Crossposted on Capitol Weekly

There’s plenty of reasons for progressives to hate California Forward’s do-gooder “government reform” ballot measure that may yet find its way toward appearing on the November ballot. It contains a built-in spending cap, upsets the balance of power between the Legislature and the Governor, and diverts state-generated revenue from the general fund.

But there is one provision in the ballot measure that progressives should love: a back-door way to raise revenue without a vote of the people or even the Legislature.

According to a confidential counsel opinion circulated in Sacramento this week, there’s a provision in the measure for “Community Strategic Action Plans.” According to the ballot language, if the participants in this Action Plan identify a state law or regulation that impedes progress toward their community goals, they can propose an alternative way of achieving “the policy and purpose” of the statute or regulation. That could include raising taxes. And unless both houses of the Legislature disapprove the alternative within 60 days, it automatically goes into effect. No approval by voters required.

Who determines what the policy and purpose of the state law is?  According to the memo, it’s whoever is writing the local Action Plan.

This sweeping new power applies to statutes and regulations that “govern the administration of a state program that is financed in whole or in part with state funds.” Since that describes much of what local governments (including school districts) do, that’s not a very high bar.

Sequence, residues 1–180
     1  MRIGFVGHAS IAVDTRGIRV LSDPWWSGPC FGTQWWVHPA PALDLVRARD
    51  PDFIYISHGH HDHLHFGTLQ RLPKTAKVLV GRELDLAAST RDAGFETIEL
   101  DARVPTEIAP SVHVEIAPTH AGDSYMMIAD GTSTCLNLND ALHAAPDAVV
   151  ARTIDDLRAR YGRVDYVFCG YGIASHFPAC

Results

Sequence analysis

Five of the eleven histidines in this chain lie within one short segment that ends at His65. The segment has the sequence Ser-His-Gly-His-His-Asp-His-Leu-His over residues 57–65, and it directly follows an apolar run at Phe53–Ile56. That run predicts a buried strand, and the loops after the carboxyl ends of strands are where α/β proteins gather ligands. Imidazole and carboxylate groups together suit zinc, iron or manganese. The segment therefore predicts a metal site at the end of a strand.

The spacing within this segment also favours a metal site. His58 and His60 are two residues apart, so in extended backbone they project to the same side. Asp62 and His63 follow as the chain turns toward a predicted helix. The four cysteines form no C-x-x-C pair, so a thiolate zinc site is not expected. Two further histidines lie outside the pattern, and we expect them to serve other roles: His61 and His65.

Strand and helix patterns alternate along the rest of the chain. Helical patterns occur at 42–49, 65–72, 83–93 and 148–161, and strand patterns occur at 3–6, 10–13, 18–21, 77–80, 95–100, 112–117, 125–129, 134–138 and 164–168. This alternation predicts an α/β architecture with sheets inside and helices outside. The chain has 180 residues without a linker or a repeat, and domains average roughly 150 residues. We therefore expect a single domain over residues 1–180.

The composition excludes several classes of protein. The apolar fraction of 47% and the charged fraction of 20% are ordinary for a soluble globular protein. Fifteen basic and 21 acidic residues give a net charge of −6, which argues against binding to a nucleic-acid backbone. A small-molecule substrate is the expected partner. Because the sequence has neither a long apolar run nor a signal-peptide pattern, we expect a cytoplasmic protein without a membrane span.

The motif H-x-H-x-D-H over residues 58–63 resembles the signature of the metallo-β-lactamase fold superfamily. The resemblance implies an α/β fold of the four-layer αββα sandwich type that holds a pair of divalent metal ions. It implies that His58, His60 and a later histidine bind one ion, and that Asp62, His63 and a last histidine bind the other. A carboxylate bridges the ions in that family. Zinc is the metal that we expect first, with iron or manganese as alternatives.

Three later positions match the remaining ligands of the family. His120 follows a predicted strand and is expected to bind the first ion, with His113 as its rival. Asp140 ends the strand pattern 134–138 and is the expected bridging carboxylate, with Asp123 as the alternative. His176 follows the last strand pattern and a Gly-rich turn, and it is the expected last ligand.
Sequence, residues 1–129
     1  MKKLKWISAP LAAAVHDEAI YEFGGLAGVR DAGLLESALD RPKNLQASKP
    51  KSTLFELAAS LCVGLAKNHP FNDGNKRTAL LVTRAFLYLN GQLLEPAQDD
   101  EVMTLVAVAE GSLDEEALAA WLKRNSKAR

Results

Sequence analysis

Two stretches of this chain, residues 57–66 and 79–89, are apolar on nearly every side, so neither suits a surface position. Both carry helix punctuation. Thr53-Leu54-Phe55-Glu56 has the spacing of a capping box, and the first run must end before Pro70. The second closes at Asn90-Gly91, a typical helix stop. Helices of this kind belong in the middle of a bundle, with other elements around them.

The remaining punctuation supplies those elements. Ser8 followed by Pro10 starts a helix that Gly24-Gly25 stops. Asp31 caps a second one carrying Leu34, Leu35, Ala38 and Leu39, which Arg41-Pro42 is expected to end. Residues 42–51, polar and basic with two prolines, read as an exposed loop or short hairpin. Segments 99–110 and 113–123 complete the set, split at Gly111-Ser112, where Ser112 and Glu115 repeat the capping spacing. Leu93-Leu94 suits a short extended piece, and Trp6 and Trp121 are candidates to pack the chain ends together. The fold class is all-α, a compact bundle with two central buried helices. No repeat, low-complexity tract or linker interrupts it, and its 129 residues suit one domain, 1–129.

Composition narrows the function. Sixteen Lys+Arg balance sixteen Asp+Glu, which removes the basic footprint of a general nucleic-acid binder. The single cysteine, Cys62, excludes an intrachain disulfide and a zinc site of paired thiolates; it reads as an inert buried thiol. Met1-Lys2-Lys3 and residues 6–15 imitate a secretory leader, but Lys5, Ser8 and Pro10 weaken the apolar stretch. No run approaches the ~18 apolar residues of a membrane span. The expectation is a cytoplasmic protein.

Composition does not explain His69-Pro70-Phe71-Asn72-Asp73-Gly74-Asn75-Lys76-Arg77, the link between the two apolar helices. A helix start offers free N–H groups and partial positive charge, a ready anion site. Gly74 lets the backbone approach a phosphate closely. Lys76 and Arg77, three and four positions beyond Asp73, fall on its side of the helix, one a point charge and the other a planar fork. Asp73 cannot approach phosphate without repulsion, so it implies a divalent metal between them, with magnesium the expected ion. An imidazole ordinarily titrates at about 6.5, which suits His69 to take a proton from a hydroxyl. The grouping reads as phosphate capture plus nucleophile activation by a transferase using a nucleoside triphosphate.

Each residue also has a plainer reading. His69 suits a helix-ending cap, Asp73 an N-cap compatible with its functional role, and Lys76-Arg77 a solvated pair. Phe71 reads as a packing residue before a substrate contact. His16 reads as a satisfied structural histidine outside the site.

How could that authority be used?

–Since state law governs how a change of ownership in real property is determined, this new power could apparently be used to change the rules for reassessing commercial property — the so-called “split roll” — that Assemblymember Ammiano and others have been trying to accomplish for years. No state or local vote would be required.

–State law also limits the amount of local debt school districts can incur. A local Action Plan could lift this limit allowing school districts to sell more bonds and increasing the amount of property taxes they collect to repay the debt. No vote would be required for previously approved bonds.

–California’s personal income taxes are currently only levied by state government. But an Action Plan could authorize a regional governing entity to establish such a local income tax which, under Prop 218, could then be levied by local majority vote.

None of these would run afoul of the new 2/3 vote limitations in Prop 26 because none of them are a “change in state statute.”

All of this amounts to a dream come true for progressives, and why this measure deserves another look by those who might be inclined not to support it. Just don’t tell the Flash Report or the business interests bankrolling the measure. Something tells me they might be a wee bit surprised about what they have wrought.